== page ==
She’s the other co-founder of Open Source Bridge, a founding member of Legion of Tech, a celebrated Rubyist, the driving force behind Calagator, and one of the most creative thinkers in the Northwest.
She’s a wizard with Yahoo! Pipes, a sage with community development, a hardworking startup type with Shizzow, one of the founders of Legion of Tech, and from what I understand, one mean werewolf player.
All of these women have been an absolute inspiration for me. And I’m truly honored that I get the chance to work with them on a regular basis.
But for as much as I love the local scene, I’d be remiss if I didn’t mention two other incredibly inspiring women in the tech scene who have gained—and will continue to have—my utmost admiration.
She’s an incredible speaker and thought-provoking writer whose Creating Passionate Users completely changed the way I thought about marketing and writing—and was a direct inspiration for Silicon Florist.
She’s taught me how to think about the power and the promise technology holds for doing good. And her Gnomedex performance, last year, remains one of the coolest technological experiments I’ve ever seen—even though it had very little to do with technology and everything to do with people.
Which women are excelling in technology in your world?
If there are women in technology who inspire you, I’d love to hear about—and I’m sure they would, too. Who are the other women in Portland technology or Silicon Forest technology who deserve some recognition? Why not take a few minutes to write something up? There’s still time.
(Image courtesy Anyaka. Used under Creative Commons)
Last Friday was podcast day for me. And for as nervous as I was, I think they turned out pretty well. No doubt thanks to the talented people actually managing the whole podcast thing and me just having to spout off every now and again.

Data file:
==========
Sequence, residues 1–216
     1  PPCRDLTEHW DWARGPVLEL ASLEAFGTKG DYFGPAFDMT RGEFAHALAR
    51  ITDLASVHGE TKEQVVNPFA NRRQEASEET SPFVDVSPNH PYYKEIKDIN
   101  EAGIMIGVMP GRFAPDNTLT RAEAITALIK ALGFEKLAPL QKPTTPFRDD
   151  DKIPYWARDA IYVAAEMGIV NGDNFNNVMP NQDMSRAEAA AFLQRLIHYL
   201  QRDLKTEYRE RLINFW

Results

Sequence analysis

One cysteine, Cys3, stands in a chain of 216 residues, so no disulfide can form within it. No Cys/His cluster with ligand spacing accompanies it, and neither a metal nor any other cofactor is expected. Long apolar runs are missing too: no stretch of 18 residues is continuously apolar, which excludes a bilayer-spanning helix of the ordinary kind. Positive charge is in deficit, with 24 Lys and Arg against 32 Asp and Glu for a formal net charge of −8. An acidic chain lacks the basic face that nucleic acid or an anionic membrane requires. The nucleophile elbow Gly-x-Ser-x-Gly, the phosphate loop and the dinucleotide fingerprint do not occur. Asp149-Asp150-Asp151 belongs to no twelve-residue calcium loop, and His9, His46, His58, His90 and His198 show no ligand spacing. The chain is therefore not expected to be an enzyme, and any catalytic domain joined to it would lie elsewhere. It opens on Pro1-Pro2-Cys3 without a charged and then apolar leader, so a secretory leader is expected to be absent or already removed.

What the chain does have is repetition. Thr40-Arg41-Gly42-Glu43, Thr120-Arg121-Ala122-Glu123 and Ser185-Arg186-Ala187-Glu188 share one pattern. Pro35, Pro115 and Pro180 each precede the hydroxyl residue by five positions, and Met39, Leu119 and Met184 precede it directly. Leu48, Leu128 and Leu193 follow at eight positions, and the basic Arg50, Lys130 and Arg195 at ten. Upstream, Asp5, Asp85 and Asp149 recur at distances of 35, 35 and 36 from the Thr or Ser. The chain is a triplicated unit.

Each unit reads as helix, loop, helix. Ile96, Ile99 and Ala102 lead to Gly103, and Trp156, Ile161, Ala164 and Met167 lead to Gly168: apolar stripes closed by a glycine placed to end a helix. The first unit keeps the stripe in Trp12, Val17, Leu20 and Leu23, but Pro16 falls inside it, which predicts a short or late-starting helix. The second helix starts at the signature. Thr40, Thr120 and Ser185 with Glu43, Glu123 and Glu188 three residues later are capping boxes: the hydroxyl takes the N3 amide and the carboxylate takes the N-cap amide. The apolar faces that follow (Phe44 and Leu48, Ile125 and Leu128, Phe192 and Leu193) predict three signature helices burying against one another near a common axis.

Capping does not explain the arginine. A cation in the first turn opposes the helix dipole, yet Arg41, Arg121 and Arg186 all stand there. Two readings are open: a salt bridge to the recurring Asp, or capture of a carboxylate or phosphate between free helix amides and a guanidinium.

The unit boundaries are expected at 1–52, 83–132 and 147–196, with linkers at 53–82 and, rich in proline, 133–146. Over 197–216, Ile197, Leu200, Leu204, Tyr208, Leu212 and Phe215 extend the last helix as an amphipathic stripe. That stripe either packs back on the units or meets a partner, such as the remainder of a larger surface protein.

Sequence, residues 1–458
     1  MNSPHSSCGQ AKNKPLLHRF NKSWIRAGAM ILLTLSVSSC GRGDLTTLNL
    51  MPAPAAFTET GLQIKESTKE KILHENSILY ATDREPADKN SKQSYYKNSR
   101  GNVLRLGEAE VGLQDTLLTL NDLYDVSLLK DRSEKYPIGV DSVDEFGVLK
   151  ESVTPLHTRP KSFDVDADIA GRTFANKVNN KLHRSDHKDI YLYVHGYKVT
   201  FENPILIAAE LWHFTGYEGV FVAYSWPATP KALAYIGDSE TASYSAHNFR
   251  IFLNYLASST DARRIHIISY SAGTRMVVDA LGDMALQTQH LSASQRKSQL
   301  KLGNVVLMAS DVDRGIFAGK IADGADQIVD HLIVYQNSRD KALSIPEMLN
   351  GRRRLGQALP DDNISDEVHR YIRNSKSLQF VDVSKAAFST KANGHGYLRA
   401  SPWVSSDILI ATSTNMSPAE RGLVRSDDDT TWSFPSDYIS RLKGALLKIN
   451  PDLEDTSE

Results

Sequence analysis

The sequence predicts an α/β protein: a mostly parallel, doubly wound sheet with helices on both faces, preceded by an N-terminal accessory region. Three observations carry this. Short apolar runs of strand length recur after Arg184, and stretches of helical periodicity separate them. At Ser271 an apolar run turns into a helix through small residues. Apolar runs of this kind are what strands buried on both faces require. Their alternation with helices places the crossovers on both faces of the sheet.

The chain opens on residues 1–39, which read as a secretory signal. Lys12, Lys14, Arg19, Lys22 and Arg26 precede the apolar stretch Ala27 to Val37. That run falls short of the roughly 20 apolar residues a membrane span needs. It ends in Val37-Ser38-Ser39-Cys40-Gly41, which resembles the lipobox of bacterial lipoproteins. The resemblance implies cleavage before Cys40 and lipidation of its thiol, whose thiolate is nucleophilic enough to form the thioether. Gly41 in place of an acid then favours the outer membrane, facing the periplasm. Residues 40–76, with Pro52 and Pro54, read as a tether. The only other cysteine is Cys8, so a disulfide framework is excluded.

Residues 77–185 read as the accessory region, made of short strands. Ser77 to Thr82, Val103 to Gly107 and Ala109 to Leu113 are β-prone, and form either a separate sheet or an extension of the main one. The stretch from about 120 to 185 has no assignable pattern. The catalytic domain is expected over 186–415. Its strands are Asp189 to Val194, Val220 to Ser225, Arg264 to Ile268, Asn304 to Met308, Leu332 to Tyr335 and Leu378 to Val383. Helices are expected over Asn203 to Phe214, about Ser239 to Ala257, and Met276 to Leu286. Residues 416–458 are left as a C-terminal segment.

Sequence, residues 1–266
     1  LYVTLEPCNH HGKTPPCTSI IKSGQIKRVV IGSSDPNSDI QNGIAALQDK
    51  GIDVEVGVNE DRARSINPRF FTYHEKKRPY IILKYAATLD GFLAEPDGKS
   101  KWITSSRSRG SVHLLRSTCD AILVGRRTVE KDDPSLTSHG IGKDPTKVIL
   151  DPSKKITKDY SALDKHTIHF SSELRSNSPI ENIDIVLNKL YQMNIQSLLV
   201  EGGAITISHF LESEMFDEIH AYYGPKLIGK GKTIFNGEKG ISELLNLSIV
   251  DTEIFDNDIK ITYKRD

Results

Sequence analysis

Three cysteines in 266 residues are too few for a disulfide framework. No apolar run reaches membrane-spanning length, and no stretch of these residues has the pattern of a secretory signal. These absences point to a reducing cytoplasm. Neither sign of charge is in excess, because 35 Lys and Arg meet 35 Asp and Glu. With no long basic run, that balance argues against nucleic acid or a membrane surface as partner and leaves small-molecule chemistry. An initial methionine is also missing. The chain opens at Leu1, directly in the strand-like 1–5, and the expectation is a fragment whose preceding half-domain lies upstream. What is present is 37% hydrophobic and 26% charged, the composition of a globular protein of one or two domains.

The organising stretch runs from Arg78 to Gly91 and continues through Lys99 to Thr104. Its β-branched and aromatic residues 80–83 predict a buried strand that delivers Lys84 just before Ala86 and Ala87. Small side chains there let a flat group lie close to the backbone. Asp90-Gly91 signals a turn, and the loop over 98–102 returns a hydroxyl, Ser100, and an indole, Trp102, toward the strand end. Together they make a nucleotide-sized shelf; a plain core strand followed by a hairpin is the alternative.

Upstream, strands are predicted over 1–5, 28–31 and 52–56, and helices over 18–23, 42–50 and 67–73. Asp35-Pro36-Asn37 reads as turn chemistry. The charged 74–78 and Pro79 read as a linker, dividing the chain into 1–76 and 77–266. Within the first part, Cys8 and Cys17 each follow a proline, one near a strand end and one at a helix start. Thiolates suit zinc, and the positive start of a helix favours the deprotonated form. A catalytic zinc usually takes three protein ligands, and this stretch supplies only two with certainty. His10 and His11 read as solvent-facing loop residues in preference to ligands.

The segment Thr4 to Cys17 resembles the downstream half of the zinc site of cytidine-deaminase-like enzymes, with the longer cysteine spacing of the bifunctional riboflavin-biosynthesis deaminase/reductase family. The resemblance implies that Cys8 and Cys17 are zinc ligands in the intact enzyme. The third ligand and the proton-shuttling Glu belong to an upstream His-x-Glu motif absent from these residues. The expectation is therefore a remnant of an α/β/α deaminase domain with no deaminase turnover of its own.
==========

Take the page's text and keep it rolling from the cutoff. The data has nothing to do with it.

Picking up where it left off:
So, I thought I’d share the links, in case you were interested in listening.
Jim Zemlin, Raven Zachary, Audrey Eschright, and I had the opportunity to chat about open source and the open source scene in Portland. Topics include OSCON, how we all use open source software and may not even know it, corporate adoption of open source, Portland’s culture as a complement to the open source community, open-source rockets, and NTEN.
Cami Kaos and Dr. Normal invited me over for a tech edition of Strange Love Live (if you’re not watching/listening, you should be). And we were lucky enough to command a live studio audience as well, featuring Michelle Anderson (mediachick), Amber Case (caseorganic), Bram Pitoyo, and Kelly Guimont (verso). Topics included the reasoning behind Silicon Florist, the Portland tech scene, Vidoop, Intrigo, OSCON, the Open Web Foundation, and more.
[Update] If you’re interested in streaming the podcasts—instead of downloading them—Cami Kaos has posted the streaming audio files to her blog.
Once the serious Strange Love stuff is done, the cameras keep rolling for the #afterhours discussion. We continued talking about some of the tech topics, discussed my sleeping habits (or lack thereof), talked about and lightsaber-ed with the iPhone, made some tech predictions including hinting at Marshall Kirkpatrick‘s upcoming internet brain implant venture, thanked our luck stars for OurPDX, introduced folks to Planet PDX, talked about upcoming guest Melissa Lion, and got into a pretty serious bidding war for sponsoring Strange Love Live.
So… what do you think?
Suffice it to say, this was a trial by fire for me and audio. So I’d love to hear feedback as to a) whether I was intelligible at all and b) if I was intelligible, if you’d be interested in more podcasts from yours truly.
Looking forward to your feedback.